A function with absent demand on syntactically used argument?

Joachim Breitner mail at joachim-breitner.de
Wed Aug 3 11:54:46 UTC 2016

Am Mittwoch, den 03.08.2016, 10:10 +0000 schrieb Ömer Sinan Ağacan:
> I'm reading the code in WwLib that generates worker functions and I'm confused
> about absent lets. Can anyone give an example function that has absent demand
> >  its argument even though the argument is syntactically used in the body?

here is a simple example:

printFst :: (a,b) -> IO () -- <U(U,A)>
printFst (a,b) = print a

callPrintFirst :: b -> IO () -- <A>
callPrintFirst b = printFst ("see it?", b)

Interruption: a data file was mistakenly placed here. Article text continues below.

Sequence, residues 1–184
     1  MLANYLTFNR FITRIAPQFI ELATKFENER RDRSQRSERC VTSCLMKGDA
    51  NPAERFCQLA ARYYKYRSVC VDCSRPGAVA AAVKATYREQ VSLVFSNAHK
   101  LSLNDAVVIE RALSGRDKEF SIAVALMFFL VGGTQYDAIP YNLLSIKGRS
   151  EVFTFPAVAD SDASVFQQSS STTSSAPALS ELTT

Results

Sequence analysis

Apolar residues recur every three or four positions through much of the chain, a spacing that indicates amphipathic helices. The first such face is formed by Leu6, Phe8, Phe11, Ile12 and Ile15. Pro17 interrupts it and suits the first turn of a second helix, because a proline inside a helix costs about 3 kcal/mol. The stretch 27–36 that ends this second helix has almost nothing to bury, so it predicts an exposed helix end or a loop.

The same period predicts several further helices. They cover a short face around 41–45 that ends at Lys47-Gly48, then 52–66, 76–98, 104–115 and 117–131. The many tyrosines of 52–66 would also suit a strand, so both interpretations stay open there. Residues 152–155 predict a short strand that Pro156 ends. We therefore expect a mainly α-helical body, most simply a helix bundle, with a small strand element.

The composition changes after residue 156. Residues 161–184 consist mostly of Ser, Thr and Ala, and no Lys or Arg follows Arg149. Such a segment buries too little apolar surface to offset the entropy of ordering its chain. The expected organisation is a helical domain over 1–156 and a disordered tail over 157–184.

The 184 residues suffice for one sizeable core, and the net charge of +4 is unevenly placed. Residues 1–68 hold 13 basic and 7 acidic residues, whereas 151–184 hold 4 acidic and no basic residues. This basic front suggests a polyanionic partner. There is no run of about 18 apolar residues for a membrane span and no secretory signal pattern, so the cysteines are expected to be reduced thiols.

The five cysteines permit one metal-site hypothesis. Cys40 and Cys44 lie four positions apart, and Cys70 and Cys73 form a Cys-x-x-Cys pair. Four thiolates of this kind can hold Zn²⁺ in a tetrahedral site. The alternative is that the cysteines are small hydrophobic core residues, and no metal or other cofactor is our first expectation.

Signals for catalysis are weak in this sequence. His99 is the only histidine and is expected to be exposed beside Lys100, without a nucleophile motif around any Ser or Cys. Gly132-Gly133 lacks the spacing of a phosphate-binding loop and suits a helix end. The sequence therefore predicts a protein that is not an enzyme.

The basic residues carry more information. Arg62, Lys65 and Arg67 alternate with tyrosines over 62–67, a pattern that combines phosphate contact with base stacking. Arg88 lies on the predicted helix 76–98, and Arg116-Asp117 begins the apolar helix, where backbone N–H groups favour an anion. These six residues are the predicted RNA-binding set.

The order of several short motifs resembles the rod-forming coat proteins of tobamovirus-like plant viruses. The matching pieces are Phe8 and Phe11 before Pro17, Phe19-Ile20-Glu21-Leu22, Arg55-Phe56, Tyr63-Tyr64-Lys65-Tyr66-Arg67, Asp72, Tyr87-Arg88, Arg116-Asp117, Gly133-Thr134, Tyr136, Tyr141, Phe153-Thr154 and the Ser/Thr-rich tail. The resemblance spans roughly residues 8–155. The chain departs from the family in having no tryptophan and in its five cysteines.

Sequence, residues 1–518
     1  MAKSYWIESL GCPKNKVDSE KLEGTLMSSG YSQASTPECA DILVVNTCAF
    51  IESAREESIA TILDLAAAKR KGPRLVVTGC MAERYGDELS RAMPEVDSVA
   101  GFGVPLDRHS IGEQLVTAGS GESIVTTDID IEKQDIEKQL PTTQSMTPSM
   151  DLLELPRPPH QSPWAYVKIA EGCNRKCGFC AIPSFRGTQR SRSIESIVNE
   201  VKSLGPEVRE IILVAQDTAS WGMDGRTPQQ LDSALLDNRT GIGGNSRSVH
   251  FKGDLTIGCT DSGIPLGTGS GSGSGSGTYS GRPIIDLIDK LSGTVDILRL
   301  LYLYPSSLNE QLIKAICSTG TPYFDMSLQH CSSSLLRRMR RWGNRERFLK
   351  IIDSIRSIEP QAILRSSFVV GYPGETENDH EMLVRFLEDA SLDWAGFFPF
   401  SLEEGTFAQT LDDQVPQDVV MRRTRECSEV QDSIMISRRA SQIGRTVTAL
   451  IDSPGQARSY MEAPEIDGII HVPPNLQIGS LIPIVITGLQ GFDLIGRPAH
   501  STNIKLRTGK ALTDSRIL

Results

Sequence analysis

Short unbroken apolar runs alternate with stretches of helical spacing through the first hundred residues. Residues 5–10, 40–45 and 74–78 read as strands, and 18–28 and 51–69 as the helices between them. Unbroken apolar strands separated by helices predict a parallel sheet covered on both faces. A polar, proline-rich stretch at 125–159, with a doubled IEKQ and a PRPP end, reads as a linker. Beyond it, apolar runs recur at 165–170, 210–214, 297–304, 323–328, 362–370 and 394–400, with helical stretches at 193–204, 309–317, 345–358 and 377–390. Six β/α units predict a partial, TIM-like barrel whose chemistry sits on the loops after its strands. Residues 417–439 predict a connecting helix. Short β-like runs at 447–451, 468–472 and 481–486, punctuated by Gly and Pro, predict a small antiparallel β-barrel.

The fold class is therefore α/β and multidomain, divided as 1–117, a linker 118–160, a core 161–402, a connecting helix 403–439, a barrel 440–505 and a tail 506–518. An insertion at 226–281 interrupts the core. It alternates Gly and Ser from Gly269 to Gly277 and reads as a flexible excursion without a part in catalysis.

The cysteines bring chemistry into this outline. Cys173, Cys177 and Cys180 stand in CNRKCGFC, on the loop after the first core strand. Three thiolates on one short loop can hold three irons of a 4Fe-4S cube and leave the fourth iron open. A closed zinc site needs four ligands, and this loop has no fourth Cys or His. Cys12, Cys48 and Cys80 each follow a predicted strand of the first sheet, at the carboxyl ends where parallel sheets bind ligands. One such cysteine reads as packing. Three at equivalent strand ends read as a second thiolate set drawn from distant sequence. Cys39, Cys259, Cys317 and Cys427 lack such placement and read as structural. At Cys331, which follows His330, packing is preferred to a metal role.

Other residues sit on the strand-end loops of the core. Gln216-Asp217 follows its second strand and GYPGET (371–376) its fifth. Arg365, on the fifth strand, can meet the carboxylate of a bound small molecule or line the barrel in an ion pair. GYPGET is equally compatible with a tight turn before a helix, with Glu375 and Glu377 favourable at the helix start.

> > I think we should add some examples to `Note [Absent errors]` in WwLib.hs.

*shrug* Not sure if it is worth it.

> One example came to my mind was something like
>     f x = ... undefined x ...
> I'm guessing that if we were to generate a worker for this, we'd need to
> generate an absent let for x in the worker function. But "undefined" has a
> weird (polymorphic over both function and non-function types) type and I don't
> know what's the demand signature of it (maybe we should document this too), so
> I'm not sure.

undefined as signature "b", indicating „even if given no arguments, I
will bottom out“. The demand analyzer treats that as „<L,U>b“ if
necessary, i.e. if undefined is applied to an argument.


Joachim “nomeata” Breitner
  mail at joachim-breitner.dehttps://www.joachim-breitner.de/
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